Brazil’s President Elect in Korea Urges Global Effort to Rein in the Dollar

President elect Dilma Rousseff Dilma Rousseff, Brazil’s president elect, has arrived in Seoul, the capital of South Korea, after a flight of more than 24 hours from Brazilian capital Brasília, with a stopover in Germany. Upon arriving she announced that she would not hold a news conference until the arrival of Brazilian president Luiz Inácio Lula da Silva who will reach Korea tomorrow.

Lula, Dilma and the minister of Finance, Guido Mantega, who accompanied Dilma on her flight, are prepared to discuss the problem of the currency war and the effects of devaluation that threaten to cause an economic crisis at the G-20 summit.

Brazil’s position is in favor of joint action to combat currency manipulation. Isolated measures by individual nations are frowned on and seen as detrimental to the international economic order on the whole.

Brazil is concerned about currency maneuvers, especially in the United States, China, South Korea and Japan, and has already taken action to protect the value of the real by raising taxes on foreign investments.

This G-20 summit has a political meaning for Brazil as it is the last for Lula and the first for Dilma. She arrives in Seoul accompanied by two aides: Helena Chagas, a journalist (who was formerly the Director of Journalism at EBC) and Anderson Braga Dorneles, her private secretary (formerly an advisor to the presidential Chief of Staff – Casa Civil),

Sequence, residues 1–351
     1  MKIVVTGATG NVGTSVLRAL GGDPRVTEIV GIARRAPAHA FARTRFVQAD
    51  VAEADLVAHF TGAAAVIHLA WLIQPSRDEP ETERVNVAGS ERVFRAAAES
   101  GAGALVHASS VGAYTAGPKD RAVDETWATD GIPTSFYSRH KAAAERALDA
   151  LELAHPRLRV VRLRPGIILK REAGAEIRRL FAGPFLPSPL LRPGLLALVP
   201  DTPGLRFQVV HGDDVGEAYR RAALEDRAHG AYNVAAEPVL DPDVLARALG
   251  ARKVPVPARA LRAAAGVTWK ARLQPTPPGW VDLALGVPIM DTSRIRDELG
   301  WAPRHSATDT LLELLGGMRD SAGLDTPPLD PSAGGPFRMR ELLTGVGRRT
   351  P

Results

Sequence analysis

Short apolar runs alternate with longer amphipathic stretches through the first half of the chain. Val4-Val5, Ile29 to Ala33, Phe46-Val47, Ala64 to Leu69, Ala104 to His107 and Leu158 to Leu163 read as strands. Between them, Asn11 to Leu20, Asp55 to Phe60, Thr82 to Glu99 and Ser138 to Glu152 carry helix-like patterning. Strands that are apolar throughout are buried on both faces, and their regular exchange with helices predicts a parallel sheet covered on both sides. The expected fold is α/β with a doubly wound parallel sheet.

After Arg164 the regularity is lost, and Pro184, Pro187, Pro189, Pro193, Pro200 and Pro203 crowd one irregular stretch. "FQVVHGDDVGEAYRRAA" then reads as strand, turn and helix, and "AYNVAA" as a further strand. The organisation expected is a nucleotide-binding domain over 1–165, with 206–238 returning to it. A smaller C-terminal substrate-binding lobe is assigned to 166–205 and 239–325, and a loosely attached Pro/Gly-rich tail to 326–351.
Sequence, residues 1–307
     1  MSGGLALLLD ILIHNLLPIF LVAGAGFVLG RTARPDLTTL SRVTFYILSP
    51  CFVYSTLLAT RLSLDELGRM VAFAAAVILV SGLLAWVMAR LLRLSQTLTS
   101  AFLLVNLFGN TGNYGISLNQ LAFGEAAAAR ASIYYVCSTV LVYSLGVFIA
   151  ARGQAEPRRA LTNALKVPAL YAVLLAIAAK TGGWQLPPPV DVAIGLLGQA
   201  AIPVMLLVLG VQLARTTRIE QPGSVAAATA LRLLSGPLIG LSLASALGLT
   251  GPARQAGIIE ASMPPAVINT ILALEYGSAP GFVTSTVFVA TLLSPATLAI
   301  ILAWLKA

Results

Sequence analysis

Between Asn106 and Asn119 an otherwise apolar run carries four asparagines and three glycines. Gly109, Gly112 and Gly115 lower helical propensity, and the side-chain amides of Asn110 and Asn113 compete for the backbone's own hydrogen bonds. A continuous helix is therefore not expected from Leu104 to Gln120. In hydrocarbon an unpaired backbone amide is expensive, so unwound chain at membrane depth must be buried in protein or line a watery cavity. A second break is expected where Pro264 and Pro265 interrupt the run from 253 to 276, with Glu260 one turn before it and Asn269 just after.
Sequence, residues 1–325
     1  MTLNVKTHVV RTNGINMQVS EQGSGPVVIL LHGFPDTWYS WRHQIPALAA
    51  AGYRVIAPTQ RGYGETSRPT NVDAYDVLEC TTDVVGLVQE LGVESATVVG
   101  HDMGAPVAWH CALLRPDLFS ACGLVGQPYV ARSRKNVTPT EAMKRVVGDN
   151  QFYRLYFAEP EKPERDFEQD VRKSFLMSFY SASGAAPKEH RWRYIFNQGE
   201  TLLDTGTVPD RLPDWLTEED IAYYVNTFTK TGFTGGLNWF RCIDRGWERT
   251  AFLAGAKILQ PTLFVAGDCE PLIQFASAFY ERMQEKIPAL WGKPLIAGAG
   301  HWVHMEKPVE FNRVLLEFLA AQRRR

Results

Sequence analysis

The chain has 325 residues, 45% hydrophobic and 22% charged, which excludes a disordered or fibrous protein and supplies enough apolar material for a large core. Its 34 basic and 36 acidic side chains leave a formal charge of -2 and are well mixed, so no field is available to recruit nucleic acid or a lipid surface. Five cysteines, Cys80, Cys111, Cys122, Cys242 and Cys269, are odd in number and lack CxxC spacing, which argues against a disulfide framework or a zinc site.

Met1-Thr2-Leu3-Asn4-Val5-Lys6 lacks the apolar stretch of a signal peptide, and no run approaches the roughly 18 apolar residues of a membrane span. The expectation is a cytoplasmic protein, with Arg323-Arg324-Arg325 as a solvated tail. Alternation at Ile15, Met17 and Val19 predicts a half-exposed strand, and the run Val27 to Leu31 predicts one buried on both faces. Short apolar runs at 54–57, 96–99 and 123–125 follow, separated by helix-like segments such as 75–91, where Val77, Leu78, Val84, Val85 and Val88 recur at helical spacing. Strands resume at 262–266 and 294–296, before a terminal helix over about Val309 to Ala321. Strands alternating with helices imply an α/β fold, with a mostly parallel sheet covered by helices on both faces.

Both Chagas and Dorneles were part of Dilma’s victorious presidential campaign team.

The main issue at the G-20 summit for Lula and Dilma is the currency war and its consequences. As a result of the depreciation of currencies in some countries, especially the United States and China, most Brazilian exports have lost price competitivity and imports have soared. Brazil is actually running a trade deficit with the United States at the moment for the first time in years.

Meanwhile, other countries such as South Korea (the G-20 summit host) and Japan, just to name two, struggle to deal with the crisis. Japan intervened in exchange rate markets in September and South Korea is reportedly contemplating surtaxes on investments or even a devaluation.

Brazil’s ministers of Finance, Guido Mantega, and Planning, Paulo Bernardo, besides the president of the Central Bank, Henrique Meirelles, along with a number of specialist in economics, have come out strongly in favor of joint action by the international community against currency manipulation, while eschewing isolated measures by individual countries because they are seen as not only ineffective, but even counterproductive.

Brazil’s delegation hopes that a decision will be reached at this G-20 summit on some form of joint action so as to reduce tensions and avoid an eventual world economic crisis.

Brazil became further concerned about the currency issue last week, when, immediately following the American midterm elections, the Federal Reserve went ahead with a second round of quantitative easing (QE2), which will flood the market with US$ 600 billion over time.

The aim is to drum up demand, boost production and create jobs in the US, but the result will be a further depreciation of the dollar, a further strengthening of Brazil’s currency, the real as well as other currencies such as the Japanese yen and the South Korean won, and a further deterioration of Brazil’s international trade, undercutting its competitiveness, especially exports of manufactured goods.

Brazilian authorities have expressed concern with the possibility of the currency war aggravating poverty in poor nations and causing a vicious cycle of retaliations.

Lula and Dilma, along with the minister of Finances, Guido Mantega, who will be in Seoul as well, are also very interested in renewed discussions at the G-20 level on world trade within the framework of the Doha Round negotiations.

ABr

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